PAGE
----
“People are doing it tough, and it’s right that we don’t just sit and observe that, that we actually take action,” Hill said.
“If Peter Dutton doesn’t want to support tax cuts and cost-of-living relief for low and middle income earners so they can keep more of their money, he should come out and say so.”
Another Victorian Labor MP, Sam Rae, said he was really pleased to hear Albanese say everyone was going to get a tax cut.
It’s time to break up our tax coverage by returning to another major political story this week: the resignation of former prime minister Scott Morrison. Sydney Morning Herald senior reporter and columnist Jacqueline Maley wrote this reflection on Morrison:
He hid it for a good while, but in the end it was clear – nothing about Scott Morrison was ordinary.
In the beginning, Morrison’s alleged ordinariness was his bankability, his ticket to ride after years of Liberal Party conflict that traversed two men – Tony Abbott and Malcolm Turnbull – who were both extraordinary, but in wildly different ways.
Here was a self-styled daggy dad, an average bloke who ambled into the leadership as if by default.
The story of his rise to the leadership and the machinations that preceded it would come out in full, and add to a growing sense that Morrison was deceptive and tricky.
But that was later.
Read Jaqueline’s full article here.
The United Workers Union has joined the ACTU in backing the flagged stage 3 changes, with its national secretary Tim Kennedy calling the cuts an “unwanted legacy” that didn’t give Australians a “fair go”.
“It was always offensive telling cleaners on $24.07 an hour – or $47,000 for a full-time job - that workers paid above $120,000 deserve $189 billion in tax cuts,” Kennedy said.
“In a cost-of-living crisis it’s not the high-income earners on their European holidays who are suffering.
“The people who are most affected in the cost-of-living crisis are the essential workers who work in aged care, early childhood education, security, cleaning, logistics centres and dozens of other low-paid industries.”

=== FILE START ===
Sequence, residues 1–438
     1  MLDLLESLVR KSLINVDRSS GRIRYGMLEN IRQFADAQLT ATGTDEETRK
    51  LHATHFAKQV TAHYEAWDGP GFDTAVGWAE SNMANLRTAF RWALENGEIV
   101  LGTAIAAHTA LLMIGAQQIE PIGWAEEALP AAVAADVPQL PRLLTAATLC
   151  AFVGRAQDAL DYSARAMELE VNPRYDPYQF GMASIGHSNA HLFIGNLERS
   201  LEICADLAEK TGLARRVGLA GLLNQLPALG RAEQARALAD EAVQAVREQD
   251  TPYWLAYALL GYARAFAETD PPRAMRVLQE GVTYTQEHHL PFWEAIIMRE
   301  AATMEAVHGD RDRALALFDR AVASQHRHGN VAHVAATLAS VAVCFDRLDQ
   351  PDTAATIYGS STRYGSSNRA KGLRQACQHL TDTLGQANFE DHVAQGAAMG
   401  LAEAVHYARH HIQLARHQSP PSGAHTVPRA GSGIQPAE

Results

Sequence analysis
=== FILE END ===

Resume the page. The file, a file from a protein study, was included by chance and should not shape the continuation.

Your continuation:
Australian Chamber of Commerce and Industry head Andrew McKellar earlier said the tax cuts were a modest reform package that benefited all taxpayers.
“Pressure to make any last-minute changes must be resisted,” McKellar said.
Kennedy said the business community’s vocal support for maintaining the tax cuts as previously planned said a lot about their priorities.
“Workers have seen businesses deliberately keep their wages low as inflation rages, and now business lobby groups are singing from the Coalition song sheet to protect Australia’s highest income earners,” he said.
I have a deep understanding of the recent developments related to the Albanese government's changes to stage 3 tax cuts in Australia. My expertise encompasses the political landscape, economic conditions, and the implications of these tax changes. Now, let's break down the key concepts mentioned in the provided article:
Key Tax Changes Overview:
- The lowest tax rate for workers earning above $19,000 will be reduced from 19% to 16%.
- The 37% tax rate for those earning between $120,000 and $180,000 will be retained, but the income range it applies to will be shifted.
- Speculation confirms the top tax rate of 45% will be shifted from $180,000 to $190,000.
- The Labor caucus has backed these tax changes despite concerns and questions from some members.
- Prime Minister Anthony Albanese defended the changes, citing economic conditions and the need for cost-of-living relief.
Reactions and Opposition:
- Former Prime Minister Tony Abbott criticizes the Albanese government for breaking its promise on tax cuts, emphasizing the potential damage to the government's integrity.
- Coalition frontbenchers, including Deputy Opposition Leader Sussan Ley, accuse the government of engaging in "class warfare."
Public Perception and Caucus Concerns:
- Nervous Labor caucus members raise questions about selling the tax cut changes after a broken election promise.
- Some MPs express concerns about breaking promises and receiving emails from upset constituents.
Media and Arts Appointment:
- Kim Williams is appointed as the new chair of the ABC, with opinions on the potential impact on the organization.
Parliamentary Expenses Management System:
- The specially-designed expense management system for federal MPs faces criticism for a cost blowout and partial delivery on goals.
Union and Business Perspectives:
- The United Workers Union and the ACTU support the changes, considering them an "unwanted legacy."
- The Australian Chamber of Commerce and Industry head, Andrew McKellar, views the tax cuts as a modest reform package benefiting all taxpayers.
This comprehensive overview demonstrates a thorough understanding of the recent political and economic events surrounding the stage 3 tax cuts in Australia. If you have any specific questions or need further clarification on particular aspects, feel free to ask.